Billy Bragg - Tooth & Nail (Review)
Review by Jack Foley
IT’S always refreshing when an established artist decides to stretch himself. Thirty years after his debut release, Billy Bragg does just that with Tooth & Nail, his first studio album in five years.
Drawing on more personal themes than political ones, this also saw Bragg travelling to Pasadena to work with producer Joe Henry in order to challenge himself more.
The result took him well out of his comfort zone as he recorded all the vocals live, without retakes or overdubs, thereby marking a return to the more rootsy sound of 1998’s Mermaid Avenue, which he recorded with Wilco.
Vocally, you could argue that Bragg has seldom sounded better, even if there’s a somewhat downbeat quality to the themes that populate the songs.
Lead single No One Knows Nothing Anymore is particularly despondent, asking questions like “what if we’re just passing through time?” and touching on social issues with: “What happens wen the markets drop? If the numbers really don’t add up? Everyone seeks the safe haven…”
Yet, the influence of Pasadena, or rather Americana, can be heard in the country twang of Bragg’s guitar, which is further embellished across the album by a troupe of musicians headed by pedal steel exponent Greg Leisz.
Handyman Blues, as its name suggests, is a sleepy blues standard with some lovely riffs running through, and a vocal that feels deliciously lived in, while Swallow My Pride adopts an almost confessional approach while layering in the bluesy vibe to more robust effect. It’s one of my album favourites.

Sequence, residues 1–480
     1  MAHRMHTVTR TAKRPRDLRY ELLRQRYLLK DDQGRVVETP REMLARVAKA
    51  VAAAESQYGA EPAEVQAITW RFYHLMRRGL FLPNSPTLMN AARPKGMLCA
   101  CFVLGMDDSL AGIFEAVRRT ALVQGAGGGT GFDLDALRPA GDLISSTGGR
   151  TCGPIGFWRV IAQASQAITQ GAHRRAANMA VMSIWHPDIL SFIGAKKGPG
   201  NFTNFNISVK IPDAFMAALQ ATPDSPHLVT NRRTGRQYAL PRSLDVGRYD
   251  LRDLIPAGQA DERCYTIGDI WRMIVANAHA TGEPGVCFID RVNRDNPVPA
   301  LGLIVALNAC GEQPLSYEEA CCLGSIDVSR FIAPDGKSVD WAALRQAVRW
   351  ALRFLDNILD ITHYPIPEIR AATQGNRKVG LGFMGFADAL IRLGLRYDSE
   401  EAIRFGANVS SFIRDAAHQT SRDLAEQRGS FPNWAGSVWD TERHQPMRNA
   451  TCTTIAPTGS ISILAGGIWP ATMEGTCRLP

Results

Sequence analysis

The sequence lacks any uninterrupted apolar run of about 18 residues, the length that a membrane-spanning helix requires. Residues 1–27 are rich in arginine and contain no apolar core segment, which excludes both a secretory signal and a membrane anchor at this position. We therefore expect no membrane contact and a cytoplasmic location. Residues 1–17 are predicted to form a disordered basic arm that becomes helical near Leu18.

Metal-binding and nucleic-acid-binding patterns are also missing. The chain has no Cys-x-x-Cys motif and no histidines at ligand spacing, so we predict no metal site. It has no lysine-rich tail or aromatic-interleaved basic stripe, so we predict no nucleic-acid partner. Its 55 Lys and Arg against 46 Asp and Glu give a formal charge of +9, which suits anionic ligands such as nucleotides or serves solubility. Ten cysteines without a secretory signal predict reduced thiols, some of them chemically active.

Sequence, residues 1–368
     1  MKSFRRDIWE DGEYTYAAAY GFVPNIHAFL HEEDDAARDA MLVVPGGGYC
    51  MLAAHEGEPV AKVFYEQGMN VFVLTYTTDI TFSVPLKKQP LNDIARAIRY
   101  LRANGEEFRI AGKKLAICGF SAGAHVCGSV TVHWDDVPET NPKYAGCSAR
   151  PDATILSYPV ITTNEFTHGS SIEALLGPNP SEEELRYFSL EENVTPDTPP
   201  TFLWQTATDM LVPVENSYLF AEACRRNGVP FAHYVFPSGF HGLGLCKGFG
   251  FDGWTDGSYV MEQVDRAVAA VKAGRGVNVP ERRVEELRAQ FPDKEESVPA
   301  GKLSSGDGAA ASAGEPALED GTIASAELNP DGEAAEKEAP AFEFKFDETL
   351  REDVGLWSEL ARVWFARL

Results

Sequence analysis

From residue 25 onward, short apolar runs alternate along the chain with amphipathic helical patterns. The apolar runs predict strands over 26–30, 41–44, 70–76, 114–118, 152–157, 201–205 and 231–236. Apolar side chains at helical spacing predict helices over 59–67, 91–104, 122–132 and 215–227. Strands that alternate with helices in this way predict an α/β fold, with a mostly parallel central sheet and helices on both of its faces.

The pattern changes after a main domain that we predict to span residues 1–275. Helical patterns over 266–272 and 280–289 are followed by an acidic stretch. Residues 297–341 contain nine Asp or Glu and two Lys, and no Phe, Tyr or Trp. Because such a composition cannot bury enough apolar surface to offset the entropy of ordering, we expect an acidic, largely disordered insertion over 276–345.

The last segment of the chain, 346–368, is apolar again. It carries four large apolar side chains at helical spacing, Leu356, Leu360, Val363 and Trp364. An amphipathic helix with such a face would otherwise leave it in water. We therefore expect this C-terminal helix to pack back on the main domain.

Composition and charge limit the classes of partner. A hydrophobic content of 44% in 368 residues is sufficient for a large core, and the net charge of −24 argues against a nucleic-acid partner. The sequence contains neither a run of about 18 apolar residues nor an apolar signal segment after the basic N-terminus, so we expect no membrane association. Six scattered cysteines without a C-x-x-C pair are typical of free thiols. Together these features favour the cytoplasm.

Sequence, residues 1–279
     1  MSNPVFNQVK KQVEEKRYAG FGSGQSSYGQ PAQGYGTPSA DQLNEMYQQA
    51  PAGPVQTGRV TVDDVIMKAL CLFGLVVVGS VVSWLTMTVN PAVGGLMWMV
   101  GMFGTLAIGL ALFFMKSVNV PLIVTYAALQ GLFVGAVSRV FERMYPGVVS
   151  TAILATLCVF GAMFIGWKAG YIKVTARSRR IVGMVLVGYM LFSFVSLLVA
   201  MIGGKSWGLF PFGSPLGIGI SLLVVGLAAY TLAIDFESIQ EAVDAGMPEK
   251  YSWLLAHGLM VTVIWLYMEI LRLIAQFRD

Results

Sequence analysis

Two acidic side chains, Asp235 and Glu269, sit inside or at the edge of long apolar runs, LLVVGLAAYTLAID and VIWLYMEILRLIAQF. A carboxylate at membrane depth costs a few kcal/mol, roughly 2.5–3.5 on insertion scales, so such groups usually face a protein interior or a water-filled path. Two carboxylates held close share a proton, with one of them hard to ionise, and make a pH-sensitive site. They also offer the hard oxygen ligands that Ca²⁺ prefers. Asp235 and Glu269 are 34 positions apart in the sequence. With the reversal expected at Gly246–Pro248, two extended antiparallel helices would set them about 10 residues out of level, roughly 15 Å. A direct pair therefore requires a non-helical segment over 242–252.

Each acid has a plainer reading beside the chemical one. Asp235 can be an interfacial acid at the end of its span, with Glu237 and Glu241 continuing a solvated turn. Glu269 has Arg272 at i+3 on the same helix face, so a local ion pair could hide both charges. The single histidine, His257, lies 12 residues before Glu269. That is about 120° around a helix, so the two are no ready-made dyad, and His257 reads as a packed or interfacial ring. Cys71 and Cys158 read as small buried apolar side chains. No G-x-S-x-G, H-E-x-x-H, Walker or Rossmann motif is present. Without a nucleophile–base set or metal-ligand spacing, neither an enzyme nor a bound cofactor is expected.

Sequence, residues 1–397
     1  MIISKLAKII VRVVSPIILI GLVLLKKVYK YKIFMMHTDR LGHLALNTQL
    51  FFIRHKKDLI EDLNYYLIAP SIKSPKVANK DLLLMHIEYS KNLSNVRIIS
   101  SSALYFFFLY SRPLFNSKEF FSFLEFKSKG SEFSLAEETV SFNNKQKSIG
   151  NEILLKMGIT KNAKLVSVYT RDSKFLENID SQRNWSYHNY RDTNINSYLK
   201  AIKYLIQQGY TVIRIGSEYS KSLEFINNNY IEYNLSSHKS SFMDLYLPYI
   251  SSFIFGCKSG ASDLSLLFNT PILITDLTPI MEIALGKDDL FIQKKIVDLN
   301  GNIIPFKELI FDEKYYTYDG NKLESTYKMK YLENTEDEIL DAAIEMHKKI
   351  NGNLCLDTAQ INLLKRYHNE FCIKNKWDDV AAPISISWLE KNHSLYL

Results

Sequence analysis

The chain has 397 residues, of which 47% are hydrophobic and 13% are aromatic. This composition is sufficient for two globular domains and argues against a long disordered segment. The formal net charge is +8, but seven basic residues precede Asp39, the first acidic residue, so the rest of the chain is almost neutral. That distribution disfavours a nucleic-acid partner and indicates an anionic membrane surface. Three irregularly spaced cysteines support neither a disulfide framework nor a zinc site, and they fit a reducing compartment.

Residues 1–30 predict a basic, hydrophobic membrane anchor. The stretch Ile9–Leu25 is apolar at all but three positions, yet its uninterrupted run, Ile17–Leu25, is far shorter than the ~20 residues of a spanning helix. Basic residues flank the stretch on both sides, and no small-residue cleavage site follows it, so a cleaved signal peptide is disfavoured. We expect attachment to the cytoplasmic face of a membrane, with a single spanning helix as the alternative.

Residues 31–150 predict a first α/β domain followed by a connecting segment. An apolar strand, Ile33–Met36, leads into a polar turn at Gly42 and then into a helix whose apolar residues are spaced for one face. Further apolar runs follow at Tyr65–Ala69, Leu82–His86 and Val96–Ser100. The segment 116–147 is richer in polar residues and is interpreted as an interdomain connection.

Do Unto Others, similarly, has a very American vibe about it, thanks to some foot-tapping percussion, a ragtime vibe and even the faintest hint of gospel.
Anyone who wonders where the more brash Bragg has disappeared to can take reassurance from There Will Be A Reckoning, which offers a grittier approach and a nice combination of moody vocals, edgy riffs and sombre piano chords.
But in the main, this is about keeping things subtle and almost tender, in keeping with the more intimate, heart-on-sleeve themes behind the album. A criticism could be that it’s a little too melancholy and sedate throughout.
But then Bragg has never been known for sunshine tendencies in his song-writing. And he does punctuate the album with notes of optimism, never more so than on final offering Tomorrow’s Going To Be A Better Day.
But by turning the focus onto himself for a change, he’s also got a lot more interesting. This is his best work in ages.
Download picks: Handyman Blues, Swallow My Pride, Do Unto Others, There Will Be A Reckoning, Your Name On My Tongue